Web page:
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Howard Marks put it nicely when he said that, rather than worrying about share price volatility, ‘The possibility of permanent loss is the risk I worry about… and every practical investor I know worries about.’ So it might be obvious that you need to consider debt, when you think about how risky any given stock is, because too much debt can sink a company. importantly, Tandem Diabetes Care, Inc. (NASDAQ:TNDM) does carry debt. But should shareholders be worried about its use of debt?

What Risk Does Debt Bring?

Debt and other liabilities become risky for a business when it cannot easily fulfill those obligations, either with free cash flow or by raising capital at an attractive price. If things get really bad, the lenders can take control of the business. However, a more frequent (but still costly) occurrence is where a company must issue shares at bargain-basement prices, permanently diluting shareholders, just to shore up its balance sheet. By replacing dilution, though, debt can be an extremely good tool for businesses that need capital to invest in growth at high rates of return. The first thing to do when considering how much debt a business uses is to look at its cash and debt together.

View our latest analysis for Tandem Diabetes Care

How Much Debt Does Tandem Diabetes Care Carry?

The image below, which you can click on for greater detail, shows that at December 2021 Tandem Diabetes Care had debt of US$281.5m, up from US$203.0m in one year. But on the other hand it also has US$623.8m in cash, leading to a US$342.3m net cash position.

NasdaqGM:TNDM Debt to Equity History April 17th 2022

A Look At Tandem Diabetes Care’s Liabilities

The latest balance sheet data shows that Tandem Diabetes Care had liabilities of US$131.9m due within a year, and liabilities of US$340.2m falling due after that. Offsetting this, it had US$623.8m in cash and US$110.7m in receivables that were due within 12 months. So it can boast US$262.5m more liquid assets than total liabilities.

This short term liquidity is a sign that Tandem Diabetes Care could probably pay off its debt with ease, as its balance sheet is far from stretched. Succinctly put, Tandem Diabetes Care boasts net cash, so it’s fair to say it does not have a heavy debt load!

Notably, Tandem Diabetes Care made a loss at the EBIT level last year, but improved that to positive EBIT of US$23m in the last twelve months. When analyzing debt levels, the balance sheet is the obvious place to start. But it is future earnings, more than anything, that will determine Tandem Diabetes Care’s ability to maintain a healthy balance sheet going forward. So if you’re focused on the future you can check out this free report showing analyst profit forecasts.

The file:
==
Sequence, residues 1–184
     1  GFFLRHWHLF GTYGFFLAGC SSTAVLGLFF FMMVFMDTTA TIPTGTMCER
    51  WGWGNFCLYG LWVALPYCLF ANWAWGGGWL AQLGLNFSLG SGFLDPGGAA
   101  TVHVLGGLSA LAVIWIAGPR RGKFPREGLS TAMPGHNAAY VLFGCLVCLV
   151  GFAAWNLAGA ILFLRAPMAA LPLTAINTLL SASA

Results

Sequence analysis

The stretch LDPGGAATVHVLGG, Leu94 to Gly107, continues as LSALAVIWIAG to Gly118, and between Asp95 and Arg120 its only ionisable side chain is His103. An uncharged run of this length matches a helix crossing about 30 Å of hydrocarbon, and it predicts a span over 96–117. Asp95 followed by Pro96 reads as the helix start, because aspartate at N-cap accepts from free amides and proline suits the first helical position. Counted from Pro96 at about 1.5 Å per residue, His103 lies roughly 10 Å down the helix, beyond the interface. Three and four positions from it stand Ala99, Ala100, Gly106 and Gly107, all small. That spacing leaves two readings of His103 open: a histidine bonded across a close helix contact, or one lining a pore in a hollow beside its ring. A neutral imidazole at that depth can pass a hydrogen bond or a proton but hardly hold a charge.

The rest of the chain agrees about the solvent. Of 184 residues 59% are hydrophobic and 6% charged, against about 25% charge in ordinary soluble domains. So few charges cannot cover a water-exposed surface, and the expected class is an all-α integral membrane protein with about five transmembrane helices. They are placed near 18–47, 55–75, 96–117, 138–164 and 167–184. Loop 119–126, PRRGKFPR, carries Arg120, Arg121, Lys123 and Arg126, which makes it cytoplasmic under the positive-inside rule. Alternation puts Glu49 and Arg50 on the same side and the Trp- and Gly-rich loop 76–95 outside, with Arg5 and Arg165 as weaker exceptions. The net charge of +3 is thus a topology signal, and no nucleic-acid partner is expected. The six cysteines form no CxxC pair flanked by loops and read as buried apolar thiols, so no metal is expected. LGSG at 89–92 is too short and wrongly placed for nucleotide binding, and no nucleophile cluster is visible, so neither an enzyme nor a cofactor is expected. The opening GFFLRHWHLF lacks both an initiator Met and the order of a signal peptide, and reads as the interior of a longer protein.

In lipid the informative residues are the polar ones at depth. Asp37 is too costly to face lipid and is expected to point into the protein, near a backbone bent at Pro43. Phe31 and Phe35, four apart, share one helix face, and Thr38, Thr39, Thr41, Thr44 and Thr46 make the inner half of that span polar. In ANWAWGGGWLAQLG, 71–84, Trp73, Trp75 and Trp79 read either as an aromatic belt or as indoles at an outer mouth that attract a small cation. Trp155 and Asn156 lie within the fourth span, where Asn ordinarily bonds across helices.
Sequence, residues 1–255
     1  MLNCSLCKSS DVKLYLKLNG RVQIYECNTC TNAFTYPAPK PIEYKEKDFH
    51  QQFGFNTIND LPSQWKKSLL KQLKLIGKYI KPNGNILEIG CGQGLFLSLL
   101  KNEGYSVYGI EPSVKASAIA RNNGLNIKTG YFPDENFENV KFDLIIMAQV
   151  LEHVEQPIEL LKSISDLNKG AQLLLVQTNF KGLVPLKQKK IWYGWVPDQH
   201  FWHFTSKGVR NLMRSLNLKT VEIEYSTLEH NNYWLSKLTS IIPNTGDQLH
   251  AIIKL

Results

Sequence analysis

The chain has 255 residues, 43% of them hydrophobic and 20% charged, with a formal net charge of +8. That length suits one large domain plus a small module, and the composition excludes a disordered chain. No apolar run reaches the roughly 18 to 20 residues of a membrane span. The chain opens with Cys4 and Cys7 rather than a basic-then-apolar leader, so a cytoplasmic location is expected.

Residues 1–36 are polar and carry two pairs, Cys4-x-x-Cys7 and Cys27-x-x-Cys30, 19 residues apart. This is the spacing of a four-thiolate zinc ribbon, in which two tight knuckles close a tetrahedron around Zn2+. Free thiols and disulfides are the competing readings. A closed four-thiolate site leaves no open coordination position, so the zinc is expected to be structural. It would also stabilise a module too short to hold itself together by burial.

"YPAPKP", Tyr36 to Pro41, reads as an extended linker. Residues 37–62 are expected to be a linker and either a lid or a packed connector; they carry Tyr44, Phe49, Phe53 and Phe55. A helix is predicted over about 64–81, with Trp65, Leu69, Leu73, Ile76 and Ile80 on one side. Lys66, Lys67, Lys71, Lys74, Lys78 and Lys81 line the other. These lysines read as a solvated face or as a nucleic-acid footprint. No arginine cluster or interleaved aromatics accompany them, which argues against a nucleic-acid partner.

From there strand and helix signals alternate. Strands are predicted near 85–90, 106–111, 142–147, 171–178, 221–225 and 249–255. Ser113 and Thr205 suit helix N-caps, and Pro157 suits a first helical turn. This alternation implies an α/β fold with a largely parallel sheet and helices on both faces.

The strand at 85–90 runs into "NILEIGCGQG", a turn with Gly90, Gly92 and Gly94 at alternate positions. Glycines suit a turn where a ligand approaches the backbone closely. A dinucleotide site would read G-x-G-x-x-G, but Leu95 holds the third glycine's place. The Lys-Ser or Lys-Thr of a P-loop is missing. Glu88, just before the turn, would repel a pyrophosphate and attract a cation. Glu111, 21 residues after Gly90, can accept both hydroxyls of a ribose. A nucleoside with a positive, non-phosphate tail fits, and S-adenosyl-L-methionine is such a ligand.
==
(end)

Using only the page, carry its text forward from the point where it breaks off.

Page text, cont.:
Finally, a business needs free cash flow to pay off debt; accounting profits just don’t cut it. While Tandem Diabetes Care has net cash on its balance sheet, it’s still worth taking a look at its ability to convert earnings before interest and tax (EBIT) to free cash flow, to help us understand how quickly it is building (or eroding) that cash balance. Over the last year, Tandem Diabetes Care actually produced more free cash flow than EBIT. That sort of strong cash generation warms our hearts like a puppy in a bumblebee suit.

summing up

While it is always sensitive to investigate a company’s debt, in this case Tandem Diabetes Care has US$342.3m in net cash and a decent-looking balance sheet. The cherry on top was that in converted 388% of that EBIT to free cash flow, bringing in US$88m. So we don’t think Tandem Diabetes Care’s use of debt is risky. When analyzing debt levels, the balance sheet is the obvious place to start. But ultimately, every company can contain risks that exist outside of the balance sheet. To that end, you should be aware of the 1 warning sign we’ve spotted with Tandem Diabetes Care .

If you’re interested in investing in businesses that can grow profits without the burden of debt, then check out this free List of growing businesses that have net cash on the balance sheet.

This article by Simply Wall St is general in nature. We provide commentary based on historical data and analyst forecasts only using an unbiased methodology and our articles are not intended to be financial advice. It does not constitute a recommendation to buy or sell any stock, and does not take account of your objectives, or your financial situation. We aim to bring you long-term focused analysis driven by fundamental data. Note that our analysis may not factor in the latest price-sensitive company announcements or qualitative material. Simply Wall St has no position in any stocks mentioned.

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